“No we don’t like that. We don’t want that here. It was better before.”
Tuesday, 1 October 2013
“No we don’t like that. We don’t want that here. It was better before.” - The Grumpy Old Bloke Party
On a previous occasion I wrote some Conservative thoughts from somewhere elsewhere than our annual conference. It struck me that, at these conferences, a game is played to filter elements of the “agenda” – good and bad – and that these were not necessarily the big issues.
This year, as always, the media’s preference is to focus on rows and, if there are no rows, to manufacture the row. This year we are supposed to be especially excited at Nigel Farage calling everyone names – as if that is either helpful or edifying. To be fair, Farage comes across as the sort of bloke it would be great to have a beer and a bluster but as a serious politician he simply doesn’t cut the mustard.
I always felt the same about Neil Kinnock. Always seemed a decent bloke, didn’t start with any great advantages in life but made the most of the talents he had – tub-thumping rhetoric, tactical nous and a sort of public bar charisma. Kinnock also did Britain a great disservice – on one day in 1985 he saved the Labour Party.
Nigel Farage is very similar – good rhetoric, a thick skin and a personality that appeals to the saloon bar. And Farage has placed himself as the authentic voice of the Grumpy Old Bloke Party.
You know the sort. When there used to be pubs, the Grumpy Old Bloke would be leaning on the bar, pint in hand telling – and I mean telling – all and sundry about the ills of the world. The chosen subject of the Grumpy Old Bloke would vary but you can be assured that, in most cases, it would include foreigners (and the iniquity thereof), homosexuality (usually described in more derogatory terms), how no-one running anything can manage their way out of a wet paper bag and, above all, how it used to be better back in the day when there was national service, the death penalty, rationing and rickets.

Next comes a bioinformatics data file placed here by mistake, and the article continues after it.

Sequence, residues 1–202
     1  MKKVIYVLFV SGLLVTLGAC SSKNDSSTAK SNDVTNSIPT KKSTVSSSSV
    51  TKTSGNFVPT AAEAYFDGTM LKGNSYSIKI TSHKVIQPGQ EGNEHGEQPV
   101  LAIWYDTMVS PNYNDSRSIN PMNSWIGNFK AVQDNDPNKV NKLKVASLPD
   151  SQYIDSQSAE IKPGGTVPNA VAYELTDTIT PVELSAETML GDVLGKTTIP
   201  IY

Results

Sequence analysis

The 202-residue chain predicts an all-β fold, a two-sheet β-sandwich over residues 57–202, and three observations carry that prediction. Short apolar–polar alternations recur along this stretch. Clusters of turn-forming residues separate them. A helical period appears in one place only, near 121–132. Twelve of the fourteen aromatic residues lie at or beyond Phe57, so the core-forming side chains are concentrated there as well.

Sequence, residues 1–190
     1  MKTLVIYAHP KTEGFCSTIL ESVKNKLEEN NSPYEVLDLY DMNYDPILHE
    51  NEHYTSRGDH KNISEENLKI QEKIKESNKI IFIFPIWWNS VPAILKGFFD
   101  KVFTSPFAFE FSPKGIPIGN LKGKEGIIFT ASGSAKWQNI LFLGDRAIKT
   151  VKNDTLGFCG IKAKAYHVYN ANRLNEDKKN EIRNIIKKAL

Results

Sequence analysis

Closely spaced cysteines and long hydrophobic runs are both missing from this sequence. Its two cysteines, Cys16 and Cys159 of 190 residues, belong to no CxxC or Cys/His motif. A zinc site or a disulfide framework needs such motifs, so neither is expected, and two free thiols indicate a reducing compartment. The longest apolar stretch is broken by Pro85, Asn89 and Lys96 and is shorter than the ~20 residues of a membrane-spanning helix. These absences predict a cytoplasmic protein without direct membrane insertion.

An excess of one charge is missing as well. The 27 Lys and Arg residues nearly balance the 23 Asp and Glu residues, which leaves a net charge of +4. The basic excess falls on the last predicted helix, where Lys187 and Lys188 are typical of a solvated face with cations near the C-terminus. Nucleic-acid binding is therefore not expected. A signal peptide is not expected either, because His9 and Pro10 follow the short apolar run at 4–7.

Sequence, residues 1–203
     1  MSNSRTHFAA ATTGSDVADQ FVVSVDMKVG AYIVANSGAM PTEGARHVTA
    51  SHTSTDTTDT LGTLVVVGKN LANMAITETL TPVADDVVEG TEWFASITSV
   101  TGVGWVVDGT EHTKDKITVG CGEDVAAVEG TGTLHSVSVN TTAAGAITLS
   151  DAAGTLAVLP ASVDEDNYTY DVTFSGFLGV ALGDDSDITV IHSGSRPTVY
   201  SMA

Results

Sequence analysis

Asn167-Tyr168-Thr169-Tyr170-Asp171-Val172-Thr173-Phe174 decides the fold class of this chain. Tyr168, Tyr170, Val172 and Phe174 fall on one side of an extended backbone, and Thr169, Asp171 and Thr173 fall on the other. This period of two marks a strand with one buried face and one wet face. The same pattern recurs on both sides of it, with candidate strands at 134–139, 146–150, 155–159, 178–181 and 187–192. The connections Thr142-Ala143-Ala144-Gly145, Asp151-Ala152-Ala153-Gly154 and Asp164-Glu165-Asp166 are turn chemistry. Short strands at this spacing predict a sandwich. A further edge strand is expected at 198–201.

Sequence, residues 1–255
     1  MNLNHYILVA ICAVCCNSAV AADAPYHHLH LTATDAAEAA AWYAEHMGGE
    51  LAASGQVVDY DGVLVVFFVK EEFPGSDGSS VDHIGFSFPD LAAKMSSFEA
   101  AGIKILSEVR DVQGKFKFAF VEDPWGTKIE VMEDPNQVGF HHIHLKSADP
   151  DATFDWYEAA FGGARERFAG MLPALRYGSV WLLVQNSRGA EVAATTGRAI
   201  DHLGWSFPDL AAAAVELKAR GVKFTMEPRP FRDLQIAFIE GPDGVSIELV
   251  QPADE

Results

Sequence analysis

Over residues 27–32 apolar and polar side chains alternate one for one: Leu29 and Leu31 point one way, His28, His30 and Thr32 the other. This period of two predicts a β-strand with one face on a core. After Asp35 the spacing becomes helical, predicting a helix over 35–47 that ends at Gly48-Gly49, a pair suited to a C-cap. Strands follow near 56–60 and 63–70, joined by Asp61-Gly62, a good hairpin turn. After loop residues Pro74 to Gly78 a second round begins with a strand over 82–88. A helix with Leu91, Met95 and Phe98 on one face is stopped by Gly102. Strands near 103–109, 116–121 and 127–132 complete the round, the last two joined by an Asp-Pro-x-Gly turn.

Back in those days footballers were just blokes who went home to their council house on the bus, policemen wore capes and clipped naughty kids round the ear (before using said ear to drag the child back for Dad to thrash), schools actually taught children the three Rs and there weren’t TVs or computers to make us fat and lazy. Those were the days – as our Grumpy Old Bloke will tell us – when Britain Made Things and blokes worked in factories or workshops not open plan offices.
Nigel Farage has taken a single issue campaign – let’s get out from the awful European Union – and transformed UKIP into that Grumpy Old Bloke Party. Gathering together all the annoyances that our Grumpy Old Bloke has described – foreigners, the Internet, children, gays and, above all, anyone employed by the government in any form other than actually digging holes or emptying bins – Farage has moulded a successful insurgency. The Grumpy Old Blokes accompanied (assuming the fridge is clean) by their wives – no ‘partners’ in The Grumpy Old Bloke Party – flock to hear Nigel being rude about all the people they don’t like. And they love it.
UKIP – the Grumpy Old Bloke Party – has gathered together all those gripes and mitherings, taken this contradictory pot-pourri of prejudices and turned it into a campaign. I hesitate to say programme, for beyond withdrawing from the EU, UKIP has no programme, and it isn’t yet a manifesto. For sure there’s some stuff I support in there – it would be hard not to do so given I’m most of the way to being that Grumpy Old Bloke. But, in the end, the UKIP position on almost everything can be summed up as: